DENVER (AP) – Criminal libel is one of the oldest laws in Colorado’s books – and one of the least often used. But in an age when almost anyone has the power to be a publisher, it’s a law that can still pack a punch.
Just ask the former college student who got in trouble for poking fun at a college professor online. Or a man who faced jail time after making nasty comments about an ex-girlfriend online.
Few states still have criminal libel provisions, which can land someone in the slammer for publishing or broadcasting false and defamatory statements about another. Libel is far more often a civil matter.
And a Colorado state senator is looking to get the little-used law tossed, saying it dates back to the late 19th century and is woefully out of date. “I think it tramples on the First Amendment rights of people to write, and or post online things that they want to post, and so I’m just seeking to strike the statute. Pretty plain and simple,” said Sen. Greg Brophy, a Republican from Colorado’s Eastern Plains.
He has support from the ACLU and Colorado Press Association.
But the District Attorney’s Council is remaining neutral on the legislation. Tom Raynes, the organization’s executive director, said the law sometimes has a place.
“If I sue somebody who has nothing, that’s not much of a remedy for me,” he said.
In Colorado the law has been used seven times in the last two years and in some cases, the original charge of libel is changed to something else, like harassment.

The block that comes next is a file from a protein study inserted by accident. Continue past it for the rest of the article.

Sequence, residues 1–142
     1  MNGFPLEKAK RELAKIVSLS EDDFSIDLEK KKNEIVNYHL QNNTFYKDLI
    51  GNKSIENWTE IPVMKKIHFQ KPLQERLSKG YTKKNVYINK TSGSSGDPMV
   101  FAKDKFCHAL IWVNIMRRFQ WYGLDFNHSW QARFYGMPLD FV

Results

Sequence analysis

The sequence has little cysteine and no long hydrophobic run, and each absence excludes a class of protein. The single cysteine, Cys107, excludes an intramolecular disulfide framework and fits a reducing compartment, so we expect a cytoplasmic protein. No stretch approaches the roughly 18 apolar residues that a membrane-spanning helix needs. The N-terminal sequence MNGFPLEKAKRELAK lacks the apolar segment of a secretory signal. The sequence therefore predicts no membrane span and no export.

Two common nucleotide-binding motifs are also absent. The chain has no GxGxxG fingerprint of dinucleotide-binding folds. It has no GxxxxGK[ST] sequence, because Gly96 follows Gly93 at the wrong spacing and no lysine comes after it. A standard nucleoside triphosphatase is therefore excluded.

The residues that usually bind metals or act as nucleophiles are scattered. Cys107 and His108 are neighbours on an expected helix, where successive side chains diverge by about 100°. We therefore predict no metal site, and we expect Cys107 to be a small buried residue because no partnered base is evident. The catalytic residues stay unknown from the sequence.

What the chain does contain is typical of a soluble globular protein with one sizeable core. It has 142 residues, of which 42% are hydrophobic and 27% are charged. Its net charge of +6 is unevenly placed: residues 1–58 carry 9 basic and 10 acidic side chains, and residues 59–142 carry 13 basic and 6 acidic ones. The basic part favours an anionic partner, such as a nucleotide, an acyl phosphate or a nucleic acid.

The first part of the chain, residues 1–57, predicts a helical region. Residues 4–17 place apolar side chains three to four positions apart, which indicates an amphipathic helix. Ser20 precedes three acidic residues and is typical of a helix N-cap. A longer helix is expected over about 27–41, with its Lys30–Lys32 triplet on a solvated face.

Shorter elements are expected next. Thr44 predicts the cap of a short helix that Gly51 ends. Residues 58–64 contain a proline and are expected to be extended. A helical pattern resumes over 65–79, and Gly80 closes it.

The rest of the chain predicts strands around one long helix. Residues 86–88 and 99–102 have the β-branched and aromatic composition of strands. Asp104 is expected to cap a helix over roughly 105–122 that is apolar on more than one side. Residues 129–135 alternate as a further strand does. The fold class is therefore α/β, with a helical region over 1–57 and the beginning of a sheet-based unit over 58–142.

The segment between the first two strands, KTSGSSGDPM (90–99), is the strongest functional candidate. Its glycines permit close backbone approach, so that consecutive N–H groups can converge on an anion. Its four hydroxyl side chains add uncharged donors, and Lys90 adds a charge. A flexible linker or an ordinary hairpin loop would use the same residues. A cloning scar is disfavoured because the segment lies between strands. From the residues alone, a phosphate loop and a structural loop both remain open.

J.P. Weichel was charged in 2008 with felony criminal libel and faced 18 months in prison.
Prosecutors said Weichel posted about his ex-girlfriend on Craigslist, saying she traded sexual favors for legal services from her attorney. Weichel told authorities he was just venting.
He ultimately pleaded guilty to harassment, a misdemeanor, and was sentenced to 60 hours of community service and four years of probation.
Brophy, the bill’s sponsor, also cites the case involving Tom Mink as an example of why criminal libel should be repealed.
Mink and some friends at the University of Northern Colorado wrote a satirical blog about a decade ago, featuring columns supposedly written by finance professor Junius Peake – whom Mink and his friends renamed “Junius Puke” and made him their newsletter’s “mascot.”
Peake had nothing to do with the site or its content.
“And of course he caught wind of the fact that we were using him as a mascot, and he got super tweezed about it and tried to pursue charges,” said Mink, now 32.
Authorities showed up with a search warrant at his mother’s house and took his computer, threatening criminal libel charges.
The American Civil Liberties Union in Colorado stepped in to get Mink’s computer back and prosecutors chose not to file charges. Mink also sued the Weld County District Attorney’s office through the ACLU and got a $425,000 settlement last year.
Denise Maes, ACLU public policy director, said the dozen or so states that still have criminal libel statutes rarely use them and that the laws challenge free speech.
“That statute has clearly run its course,” she said.
Steve Zansberg, an attorney for the Colorado Press Association, said that even if the law is rarely used, the fact that it exists and can be used at any time creates a chilling effect.
Zansberg said Colorado’s criminal libel law is “hopelessly vague” and unconstitutional because it allows for prosecutors to potentially charge someone for making an opinion. He also notes that the most recent criminal libel cases in Colorado involved people who posted something online.
“We think it’s completely contrary our modern notions of freedom of speech,” he said.
LINK: Read Senate Bill 102
– By Ivan Moreno, AP Writer
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